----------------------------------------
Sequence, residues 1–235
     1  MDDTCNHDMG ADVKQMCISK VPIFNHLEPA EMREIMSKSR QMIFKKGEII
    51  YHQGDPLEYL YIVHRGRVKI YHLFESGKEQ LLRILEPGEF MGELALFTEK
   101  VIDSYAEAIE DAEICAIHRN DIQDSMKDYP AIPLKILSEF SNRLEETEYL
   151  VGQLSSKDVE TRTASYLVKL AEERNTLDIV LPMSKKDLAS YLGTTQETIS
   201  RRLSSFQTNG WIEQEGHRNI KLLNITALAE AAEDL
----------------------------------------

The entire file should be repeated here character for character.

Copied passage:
Sequence, residues 1–235
     1  MDDTCNHDMG ADVKQMCISK VPIFNHLEPA EMREIMSKSR QMIFKKGEII
    51  YHQGDPLEYL YIVHRGRVKI YHLFESGKEQ LLRILEPGEF MGELALFTEK
   101  VIDSYAEAIE DAEICAIHRN DIQDSMKDYP AIPLKILSEF SNRLEETEYL
   151  VGQLSSKDVE TRTASYLVKL AEERNTLDIV LPMSKKDLAS YLGTTQETIS
   201  RRLSSFQTNG WIEQEGHRNI KLLNITALAE AAEDL